- Practical Guide
- About Neuronus
University of Wollongong, Australia
Robert (Bob) Barry initially studied Physics (BSc, U.N.S.W.), trained as a teacher (DipEd, U. Sydney), and taught high school for some 7 years. During this period, he diversified and completed a BA (Honours I) in Psychology (U. Sydney) and began an MSc in Physics (Macquarie U.). He followed this with a PhD in Psychology (U. Sydney) and became a Lecturer in Education at U.N.S.W. Over the following 18 years he was awarded a higher doctorate in Psychophysiology (DSc, U.N.S.W.) and moved through the ranks to full Professor in Education, before taking up the Chair of Psychology at U. Wollongong in 1993, where he remains as Professor.
Bob has published more than 330 full papers in Psychophysiology, and has a Scopus H-index of 63. He has graduated some 45 research students (MSc or PhD). He serves as Associate Editor for International J. Psychophysiology and Clinical Neurophysiology. Bob was the founding President of the Australasian Society for Psychophysiology and is currently President of the International Organization of Psychophysiology.
His research has four interacting themes: the Orienting Reflex as a model of stimulus-response processes in perception and cognition; electrophysiology of sex differences and typical/atypical development, particularly in AD/HD; arousal and activation as the substrates of phasic responding; and the brain dynamics linking EEG at stimulus presentation to ERP outcomes and behaviour.
Response inhibition is one of the most important cognitive processes in daily life. It reflects the ability to stop actions that are not suitable in a given situation, like speeding up a car when approaching people crossing the road (reactive inhibition). It also corresponds to the ability to control impulses, which can lead to premature responses, such as starting a car when the green traffic light is not yet displayed (proactive inhibition). People are prone to making inhibitory errors; even if attentive and self-possessed, they are not always able to develop a proper assessment of situations or manage their impulsive reactions. In cognitive neuroscience and psychology, these phenomena can be studied with the well-established paradigms such as the go/no-go task, stop signal task, flanker task, and others. Each of these paradigms emphasizes different aspects of inhibitory control. Therefore, the general focus of this symposium is to present and discuss recent advances in research on inhibitory control and error processing during inhibitory tasks. When addressing this issue, researchers usually concentrate on different neural fingerprints of cognitive subprocesses that lead to specific behavioural patterns. It might be achieved through various methods of analysing magneto-/electroencephalography signals, temporally coherent with behavioural or peripheral (e.g., electromyographic) measures, as well as comparing brain activity under different conditions using functional magnetic resonance imaging. Thus, presentations submitted for this symposium should be based on research of human brain activity or peripheral measures, and experimental paradigms involving response inhibition. A better understanding of how the brain works in such situations can be useful for designing engineering, organizational and psychological solutions to make our lives safer.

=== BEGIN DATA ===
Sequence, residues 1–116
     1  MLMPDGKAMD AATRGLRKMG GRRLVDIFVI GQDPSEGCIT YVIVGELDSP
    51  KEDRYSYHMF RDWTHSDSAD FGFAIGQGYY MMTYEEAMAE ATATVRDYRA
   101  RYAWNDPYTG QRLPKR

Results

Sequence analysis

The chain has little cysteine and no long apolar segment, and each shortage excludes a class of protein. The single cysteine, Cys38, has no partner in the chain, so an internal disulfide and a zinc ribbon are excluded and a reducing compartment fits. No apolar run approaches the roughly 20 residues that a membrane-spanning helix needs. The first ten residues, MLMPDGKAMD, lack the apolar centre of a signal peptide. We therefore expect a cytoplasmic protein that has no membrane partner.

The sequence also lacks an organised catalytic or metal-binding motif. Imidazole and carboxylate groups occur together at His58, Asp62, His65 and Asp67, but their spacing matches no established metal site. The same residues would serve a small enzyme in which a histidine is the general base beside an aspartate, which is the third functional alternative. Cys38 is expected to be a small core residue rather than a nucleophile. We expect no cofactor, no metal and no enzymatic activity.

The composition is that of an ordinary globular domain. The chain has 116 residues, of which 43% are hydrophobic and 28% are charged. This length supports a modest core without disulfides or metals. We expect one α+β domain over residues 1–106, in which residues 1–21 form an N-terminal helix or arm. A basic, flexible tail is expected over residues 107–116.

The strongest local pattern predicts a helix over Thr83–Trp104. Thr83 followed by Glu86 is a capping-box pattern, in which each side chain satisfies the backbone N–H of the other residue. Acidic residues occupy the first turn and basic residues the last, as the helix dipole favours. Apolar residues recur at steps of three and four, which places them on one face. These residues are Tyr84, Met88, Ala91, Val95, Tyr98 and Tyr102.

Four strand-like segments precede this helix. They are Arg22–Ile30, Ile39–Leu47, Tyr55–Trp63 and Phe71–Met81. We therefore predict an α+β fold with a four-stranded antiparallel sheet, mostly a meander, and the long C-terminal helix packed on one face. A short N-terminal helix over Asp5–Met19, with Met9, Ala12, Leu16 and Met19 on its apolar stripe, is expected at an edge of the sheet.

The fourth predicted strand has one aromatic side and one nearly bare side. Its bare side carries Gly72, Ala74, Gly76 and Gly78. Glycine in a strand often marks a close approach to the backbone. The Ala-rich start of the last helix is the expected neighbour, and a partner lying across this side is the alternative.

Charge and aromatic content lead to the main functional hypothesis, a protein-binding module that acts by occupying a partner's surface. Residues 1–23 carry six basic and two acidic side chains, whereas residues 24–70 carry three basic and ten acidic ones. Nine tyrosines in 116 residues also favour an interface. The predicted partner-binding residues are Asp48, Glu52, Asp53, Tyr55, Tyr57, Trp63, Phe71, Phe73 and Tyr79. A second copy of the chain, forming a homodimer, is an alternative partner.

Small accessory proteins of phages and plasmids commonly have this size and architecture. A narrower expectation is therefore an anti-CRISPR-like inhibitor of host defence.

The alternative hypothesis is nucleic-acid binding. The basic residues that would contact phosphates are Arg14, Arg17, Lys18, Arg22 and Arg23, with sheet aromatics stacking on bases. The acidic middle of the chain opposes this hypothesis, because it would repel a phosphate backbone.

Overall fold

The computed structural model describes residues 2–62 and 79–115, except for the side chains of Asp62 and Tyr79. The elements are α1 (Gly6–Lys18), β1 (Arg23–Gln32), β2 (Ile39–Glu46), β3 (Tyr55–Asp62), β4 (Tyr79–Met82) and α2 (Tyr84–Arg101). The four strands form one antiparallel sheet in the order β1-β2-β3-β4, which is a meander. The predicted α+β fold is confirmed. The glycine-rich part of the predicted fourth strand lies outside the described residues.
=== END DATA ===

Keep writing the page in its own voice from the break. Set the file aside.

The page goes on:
Our brain dynamics studies have focused on the auditory equiprobable Go/NoGo task. This is an easy cognitive/behavioural task that can be used readily with a wide range of participants. Using ERP components, we have developed a processing schema that maps some of the cognitive stages involved, and have used this as a tool to explore developmental and sex differences, as well as some of the EEG/ERP brain-dynamics involved. Today I explore some of the correlates of inhibitory processing in this task, using a data-driven approach to the electrophysiology of cognitive processing.
We begin our data collection with an eye-calibration task to establish EEG-EOG regression coefficients for subsequent removal of EOG from the continuous task-related EEG data. We then filter, interpolate bad channels, extract 1 s epochs (-500 to +500 ms relative to stimulus onset) for correctly-responded trials, baseline these across the 100 ms period immediately-prestimulus, and reject trials with artefacts. For the ERP quantification, we form average Go and NoGo ERPs for each participant, then submit the -100 to 500 ms data to separate Go and NoGo temporal PCAs to extract the underlying ERP components. For EEG, we take the immediately-prestimulus 500 ms epochs (-500 to 0 ms), DC-correct these, zero-pad each to 1 s, decompose these with a Discrete Fourier Transform, then the Pink and White noise is computed and removed from each participant’s mean Go and NoGo spectra, after which the Go and NoGo noise-free spectra are submitted to separate frequency PCAs. We then relate the prestimulus EEG frequency components, and Pink and White noise amplitudes, to the ERP components and behavioural outcomes.